“The second book in the Forgiving series by A.J. Sidransky is a riveting, no-holds-barred foray into the deepest recesses of the international underworld. From Washington Heights to the barrios of Santo Domingo to a seedy neighborhood in Tel Aviv, and back to the strip clubs of the outer boroughs… Much like Forgiving Maximo Rothman, this novel delves headfirst into the thorny topics of manhood, brotherhood and fatherhood… Streetwise, savvy and smart, Forgiving Mariela Camacho is an engrossing and intelligent romp that takes the reader on a global manhunt brimming with noise, energy and authenticity. It feels real. It is both remarkably sweeping and intimate, simultaneously.”
—Led Black, UptownCollective.com
“This page-turner is more than a first-rate mystery. It explores family bonds and dysfunctional relationships, Jewish identity, and the intimate connection that develops between police partners… As the case unfolds, he transports the reader to Santo Domingo, the Soviet Union, Israel, and Germany with equal precision.”
—Jewish Book Council
Dominican Immigrants in the United States
Quisqueya on the Hudson: The Transnational Identity of Dominicans in Washington Heights
How Washington Heights Became Known as ‘Little Dominican Republic’
Dominicans Allow Drugs Easy Sailing
Russian Jews in Israel
The Suicides that were Really Cunning Murders
For lovers of Dominican food, and the food of the Spanish Caribbean in general, the Cubano, or Cuban sandwich, is the lunch of choice. It’s perhaps the most satisfying sandwich in the world; roasted pork, ham, swiss cheese, thin-sliced pickles, mustard (optional), pressed on a not-too-crusty loaf of white bread similar to French or Italian bread. Either Pete of Tolya will order one almost every day.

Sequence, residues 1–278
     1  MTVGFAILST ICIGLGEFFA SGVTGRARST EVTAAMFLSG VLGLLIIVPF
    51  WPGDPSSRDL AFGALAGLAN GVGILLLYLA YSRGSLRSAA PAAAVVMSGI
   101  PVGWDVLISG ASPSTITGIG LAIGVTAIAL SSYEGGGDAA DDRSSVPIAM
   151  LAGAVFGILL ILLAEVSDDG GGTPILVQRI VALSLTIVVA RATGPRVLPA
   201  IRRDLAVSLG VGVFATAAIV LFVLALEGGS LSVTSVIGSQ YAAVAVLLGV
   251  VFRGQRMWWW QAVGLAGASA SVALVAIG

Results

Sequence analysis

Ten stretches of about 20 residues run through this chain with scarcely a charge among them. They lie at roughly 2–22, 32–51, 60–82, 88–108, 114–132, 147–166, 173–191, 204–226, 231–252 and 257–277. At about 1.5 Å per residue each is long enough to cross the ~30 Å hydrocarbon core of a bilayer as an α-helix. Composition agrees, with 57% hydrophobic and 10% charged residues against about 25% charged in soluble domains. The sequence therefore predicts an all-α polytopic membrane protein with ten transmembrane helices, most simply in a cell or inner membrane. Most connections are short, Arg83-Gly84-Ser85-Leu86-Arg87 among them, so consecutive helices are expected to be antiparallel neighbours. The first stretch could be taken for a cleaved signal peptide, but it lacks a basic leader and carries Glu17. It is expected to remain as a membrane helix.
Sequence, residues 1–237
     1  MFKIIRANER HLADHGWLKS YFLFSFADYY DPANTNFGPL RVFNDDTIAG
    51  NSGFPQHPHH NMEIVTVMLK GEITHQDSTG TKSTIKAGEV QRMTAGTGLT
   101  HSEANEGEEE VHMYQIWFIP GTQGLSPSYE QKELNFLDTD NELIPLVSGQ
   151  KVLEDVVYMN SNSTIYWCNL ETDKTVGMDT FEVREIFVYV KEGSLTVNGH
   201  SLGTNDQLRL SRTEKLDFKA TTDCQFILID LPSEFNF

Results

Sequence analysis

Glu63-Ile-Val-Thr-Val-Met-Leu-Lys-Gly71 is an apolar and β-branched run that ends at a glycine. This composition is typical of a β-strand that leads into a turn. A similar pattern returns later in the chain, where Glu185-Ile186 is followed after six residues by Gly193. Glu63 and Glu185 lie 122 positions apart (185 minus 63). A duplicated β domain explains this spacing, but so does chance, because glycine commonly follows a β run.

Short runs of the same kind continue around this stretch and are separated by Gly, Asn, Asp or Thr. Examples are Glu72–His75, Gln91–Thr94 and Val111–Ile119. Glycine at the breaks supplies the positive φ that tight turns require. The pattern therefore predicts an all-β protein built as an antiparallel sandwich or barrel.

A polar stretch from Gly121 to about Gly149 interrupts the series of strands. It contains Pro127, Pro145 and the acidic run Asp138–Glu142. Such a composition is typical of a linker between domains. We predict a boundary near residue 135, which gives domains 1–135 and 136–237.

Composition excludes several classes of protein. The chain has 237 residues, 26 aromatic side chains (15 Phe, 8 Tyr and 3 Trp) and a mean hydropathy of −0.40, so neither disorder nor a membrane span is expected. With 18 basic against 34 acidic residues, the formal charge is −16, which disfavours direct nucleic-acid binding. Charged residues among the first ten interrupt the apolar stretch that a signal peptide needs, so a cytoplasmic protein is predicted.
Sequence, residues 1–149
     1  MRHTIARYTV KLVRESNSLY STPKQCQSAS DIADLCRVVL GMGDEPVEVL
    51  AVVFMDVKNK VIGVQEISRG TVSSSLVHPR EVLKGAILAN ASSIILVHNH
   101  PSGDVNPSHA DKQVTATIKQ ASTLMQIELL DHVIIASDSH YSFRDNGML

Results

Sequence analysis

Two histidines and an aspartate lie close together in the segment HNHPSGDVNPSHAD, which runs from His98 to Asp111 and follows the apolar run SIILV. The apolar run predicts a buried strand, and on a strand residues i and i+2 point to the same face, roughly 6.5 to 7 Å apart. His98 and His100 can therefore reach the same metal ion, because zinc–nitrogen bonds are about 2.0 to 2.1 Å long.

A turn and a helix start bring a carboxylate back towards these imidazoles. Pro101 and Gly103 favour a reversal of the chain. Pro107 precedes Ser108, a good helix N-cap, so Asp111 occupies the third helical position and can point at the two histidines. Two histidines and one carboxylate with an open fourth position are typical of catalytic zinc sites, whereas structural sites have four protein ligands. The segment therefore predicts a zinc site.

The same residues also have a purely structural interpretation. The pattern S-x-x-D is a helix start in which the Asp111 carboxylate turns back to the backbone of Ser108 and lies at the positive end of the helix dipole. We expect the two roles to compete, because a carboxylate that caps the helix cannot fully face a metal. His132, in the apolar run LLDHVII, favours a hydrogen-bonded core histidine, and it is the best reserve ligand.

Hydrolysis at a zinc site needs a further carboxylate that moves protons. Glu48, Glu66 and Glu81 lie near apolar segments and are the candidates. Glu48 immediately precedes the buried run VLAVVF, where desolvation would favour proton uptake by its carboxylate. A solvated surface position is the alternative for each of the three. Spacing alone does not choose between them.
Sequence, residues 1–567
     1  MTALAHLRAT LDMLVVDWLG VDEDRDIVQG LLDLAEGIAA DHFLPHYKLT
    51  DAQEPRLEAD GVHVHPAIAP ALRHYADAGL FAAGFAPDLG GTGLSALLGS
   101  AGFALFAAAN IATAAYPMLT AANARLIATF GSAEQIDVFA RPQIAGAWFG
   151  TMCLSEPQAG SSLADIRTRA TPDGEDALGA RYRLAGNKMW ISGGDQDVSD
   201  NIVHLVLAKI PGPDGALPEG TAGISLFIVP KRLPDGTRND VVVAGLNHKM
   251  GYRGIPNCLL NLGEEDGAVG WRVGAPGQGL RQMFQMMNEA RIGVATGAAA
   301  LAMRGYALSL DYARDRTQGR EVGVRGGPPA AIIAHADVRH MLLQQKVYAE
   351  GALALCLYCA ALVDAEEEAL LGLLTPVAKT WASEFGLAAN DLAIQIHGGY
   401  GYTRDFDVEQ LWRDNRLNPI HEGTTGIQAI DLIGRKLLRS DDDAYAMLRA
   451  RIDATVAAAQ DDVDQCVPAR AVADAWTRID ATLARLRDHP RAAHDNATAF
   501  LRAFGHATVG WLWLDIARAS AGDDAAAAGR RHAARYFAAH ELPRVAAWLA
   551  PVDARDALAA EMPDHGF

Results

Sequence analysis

When Tolya and Karin go out for dinner at their favorite Tapas place in Washington Heights they order a selection of small plates including Tortilla Espanola, Iberian ham, and Camarones de Ajo, shrimps in garlic sauce. It’s their favorite. I often make this for myself and my wife. Serve it with crusty bread to sop up the leftover sauce.
Forgiving Stephen Redmond
Coming January 2021
On a hot August day, NYC Detectives Tolya Kurchenko and Pete Gonzalvez are called to a bizarre murder scene in a vacant wood frame house scheduled for demolition in upper Manhattan. Inside a partially destroyed wall they find the fully clothed body of a murder victim, the dried blood still evident on the suit jacket hanging on the skeleton-like mummy. Who put him there and why? So begins a cold case that will bring Kurchenko and Gonzalvez full circle in their search for answers in the case of Maximo Rothman.
Forgiving Stephen Redmond, the final piece in the “Forgiving” saga, leads us back to Washington Heights in the 1950’s and 1960’s, a time of change for both the neighborhood and New York. Through its characters we experience the loneliness of migration, learn the truth about Trujillo’s reign-of-terror in the Dominican Republic, and suffer the trauma of the aftermath of the Holocaust and those who survived.
More information to come.